Corticosteroid-induced Diabetes in Patients With Chronic Obstructive Pulmonary Disease: Brief Review


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Abstract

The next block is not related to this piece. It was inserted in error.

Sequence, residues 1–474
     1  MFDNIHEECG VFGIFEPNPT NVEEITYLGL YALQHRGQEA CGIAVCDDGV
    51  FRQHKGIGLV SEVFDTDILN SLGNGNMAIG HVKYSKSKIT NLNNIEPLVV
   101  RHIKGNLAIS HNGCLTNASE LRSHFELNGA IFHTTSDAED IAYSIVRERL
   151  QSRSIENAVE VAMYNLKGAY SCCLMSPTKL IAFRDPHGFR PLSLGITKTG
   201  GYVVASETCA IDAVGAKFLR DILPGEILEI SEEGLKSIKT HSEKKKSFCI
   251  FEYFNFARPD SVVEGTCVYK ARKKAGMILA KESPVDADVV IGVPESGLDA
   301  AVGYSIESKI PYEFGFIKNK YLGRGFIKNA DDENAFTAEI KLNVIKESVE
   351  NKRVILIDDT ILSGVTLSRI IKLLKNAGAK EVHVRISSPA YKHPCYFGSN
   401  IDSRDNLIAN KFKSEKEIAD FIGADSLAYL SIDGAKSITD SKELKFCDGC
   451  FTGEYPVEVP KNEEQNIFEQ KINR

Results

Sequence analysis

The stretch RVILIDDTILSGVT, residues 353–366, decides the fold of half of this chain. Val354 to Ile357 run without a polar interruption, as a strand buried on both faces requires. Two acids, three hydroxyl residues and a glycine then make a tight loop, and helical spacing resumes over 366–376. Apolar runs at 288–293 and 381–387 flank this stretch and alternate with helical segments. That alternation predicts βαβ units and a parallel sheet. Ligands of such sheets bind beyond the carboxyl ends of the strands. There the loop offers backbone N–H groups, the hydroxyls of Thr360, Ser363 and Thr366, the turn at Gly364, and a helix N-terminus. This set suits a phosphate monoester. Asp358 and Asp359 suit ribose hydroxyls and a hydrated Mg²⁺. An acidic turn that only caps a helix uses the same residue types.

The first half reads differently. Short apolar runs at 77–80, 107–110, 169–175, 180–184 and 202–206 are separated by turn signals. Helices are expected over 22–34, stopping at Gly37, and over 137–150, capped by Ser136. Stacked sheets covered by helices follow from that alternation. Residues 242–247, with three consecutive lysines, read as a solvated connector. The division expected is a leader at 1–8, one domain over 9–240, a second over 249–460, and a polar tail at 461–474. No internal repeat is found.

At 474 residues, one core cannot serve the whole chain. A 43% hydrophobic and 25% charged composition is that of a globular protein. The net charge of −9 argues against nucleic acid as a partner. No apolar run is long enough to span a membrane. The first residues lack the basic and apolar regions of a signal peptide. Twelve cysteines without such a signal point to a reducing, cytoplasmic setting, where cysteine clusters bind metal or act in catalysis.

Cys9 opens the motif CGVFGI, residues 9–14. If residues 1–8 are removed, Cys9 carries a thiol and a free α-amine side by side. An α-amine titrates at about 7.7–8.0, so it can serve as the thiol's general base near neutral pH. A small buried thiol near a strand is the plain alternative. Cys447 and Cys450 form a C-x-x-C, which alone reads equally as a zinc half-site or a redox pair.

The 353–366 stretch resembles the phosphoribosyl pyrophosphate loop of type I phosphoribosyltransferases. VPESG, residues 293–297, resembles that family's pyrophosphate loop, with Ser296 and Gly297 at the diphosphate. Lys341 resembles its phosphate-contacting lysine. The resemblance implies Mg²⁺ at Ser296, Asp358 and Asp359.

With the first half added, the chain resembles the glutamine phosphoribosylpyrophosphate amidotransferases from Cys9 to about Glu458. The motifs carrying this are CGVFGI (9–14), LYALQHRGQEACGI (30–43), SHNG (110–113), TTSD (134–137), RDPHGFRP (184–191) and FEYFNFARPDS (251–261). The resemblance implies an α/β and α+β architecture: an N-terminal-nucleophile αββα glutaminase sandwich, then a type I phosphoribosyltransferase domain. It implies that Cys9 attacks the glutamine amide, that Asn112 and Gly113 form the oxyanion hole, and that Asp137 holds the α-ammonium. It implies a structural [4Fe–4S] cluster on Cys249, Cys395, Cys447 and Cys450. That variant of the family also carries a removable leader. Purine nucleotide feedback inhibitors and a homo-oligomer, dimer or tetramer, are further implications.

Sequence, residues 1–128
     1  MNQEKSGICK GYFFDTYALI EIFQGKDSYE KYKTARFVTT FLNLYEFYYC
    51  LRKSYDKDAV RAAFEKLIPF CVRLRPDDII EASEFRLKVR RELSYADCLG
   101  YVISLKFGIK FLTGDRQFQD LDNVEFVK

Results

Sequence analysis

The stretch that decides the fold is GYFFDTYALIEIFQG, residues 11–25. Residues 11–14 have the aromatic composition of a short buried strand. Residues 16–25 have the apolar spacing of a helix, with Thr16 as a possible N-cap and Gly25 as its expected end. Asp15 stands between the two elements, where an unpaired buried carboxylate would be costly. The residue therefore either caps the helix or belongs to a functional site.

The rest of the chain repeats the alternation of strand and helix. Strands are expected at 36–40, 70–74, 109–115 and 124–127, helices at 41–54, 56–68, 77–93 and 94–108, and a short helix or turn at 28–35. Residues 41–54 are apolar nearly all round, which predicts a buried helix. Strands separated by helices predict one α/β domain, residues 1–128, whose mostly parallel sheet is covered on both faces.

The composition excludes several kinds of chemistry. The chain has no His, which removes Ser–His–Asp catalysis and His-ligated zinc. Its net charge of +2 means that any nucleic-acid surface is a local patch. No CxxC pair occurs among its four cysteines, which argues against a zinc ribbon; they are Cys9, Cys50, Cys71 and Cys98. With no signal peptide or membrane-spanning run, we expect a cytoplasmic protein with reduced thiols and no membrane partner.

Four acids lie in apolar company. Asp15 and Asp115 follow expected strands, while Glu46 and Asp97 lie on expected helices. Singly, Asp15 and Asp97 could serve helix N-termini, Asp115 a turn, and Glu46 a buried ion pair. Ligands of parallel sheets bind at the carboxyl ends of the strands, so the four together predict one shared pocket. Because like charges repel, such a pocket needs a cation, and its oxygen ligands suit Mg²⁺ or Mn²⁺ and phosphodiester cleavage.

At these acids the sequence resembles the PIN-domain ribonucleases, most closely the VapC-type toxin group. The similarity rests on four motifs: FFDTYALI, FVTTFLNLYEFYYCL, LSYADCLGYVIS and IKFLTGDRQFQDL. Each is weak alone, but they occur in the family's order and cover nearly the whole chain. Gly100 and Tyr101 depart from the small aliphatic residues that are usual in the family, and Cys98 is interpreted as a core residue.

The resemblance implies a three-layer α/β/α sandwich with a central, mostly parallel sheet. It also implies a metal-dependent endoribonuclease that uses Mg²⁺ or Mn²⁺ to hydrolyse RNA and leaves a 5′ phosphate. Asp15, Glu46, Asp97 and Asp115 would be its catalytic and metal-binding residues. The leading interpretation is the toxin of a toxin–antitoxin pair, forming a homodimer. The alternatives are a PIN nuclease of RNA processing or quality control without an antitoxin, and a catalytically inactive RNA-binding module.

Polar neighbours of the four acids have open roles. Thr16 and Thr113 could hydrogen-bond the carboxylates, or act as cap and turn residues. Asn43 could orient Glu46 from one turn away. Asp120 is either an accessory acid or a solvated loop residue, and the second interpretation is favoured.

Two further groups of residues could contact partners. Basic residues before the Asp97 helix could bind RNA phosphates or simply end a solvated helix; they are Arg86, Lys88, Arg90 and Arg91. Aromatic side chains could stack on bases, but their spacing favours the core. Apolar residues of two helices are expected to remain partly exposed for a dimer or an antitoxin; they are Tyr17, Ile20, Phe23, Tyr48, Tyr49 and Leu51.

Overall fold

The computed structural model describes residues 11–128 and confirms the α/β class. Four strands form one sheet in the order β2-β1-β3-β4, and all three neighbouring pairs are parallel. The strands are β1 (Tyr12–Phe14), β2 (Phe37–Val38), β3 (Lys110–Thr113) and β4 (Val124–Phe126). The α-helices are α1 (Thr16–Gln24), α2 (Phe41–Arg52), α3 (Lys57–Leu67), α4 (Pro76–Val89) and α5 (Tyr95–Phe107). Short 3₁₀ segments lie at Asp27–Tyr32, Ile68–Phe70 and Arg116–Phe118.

Chronic obstructive pulmonary disease (COPD) remains a major cause of morbidity in the Western world. Patients with COPD are prone to acute exacerbation that may cause a substantial decline in functional status, hospitalization, and even death. The study group, Systemic Corticosteroids in Chronic Obstructive Pulmonary Disease Exacerbations, randomized 271 patients who were hospitalized with a COPD exacerbation. Short treatment with corticosteroids—intravenous methylprednisolone 125 mg, every 6 h, for 3 days, followed by oral prednisone starting at 60 mg daily, with a tapering dose over 2 weeks—significantly improved the FEV1 during the first 3 days of hospitalization, shortened the length of initial hospital stay, had the lowest rate of therapeutic adverse effects, but had no significant effect on mortality rate. Based on the above study, and after a systemic review of the literature, experts on COPD published the guidelines for diagnosis and treatment of acute exacerbation of COPD. According to those, the systemic glucocorticoids are now a standard therapy for acute exacerbations of COPD. However, corticosteroids may induce hyperglycemia, and a balance between benefit and risk must be achieved.

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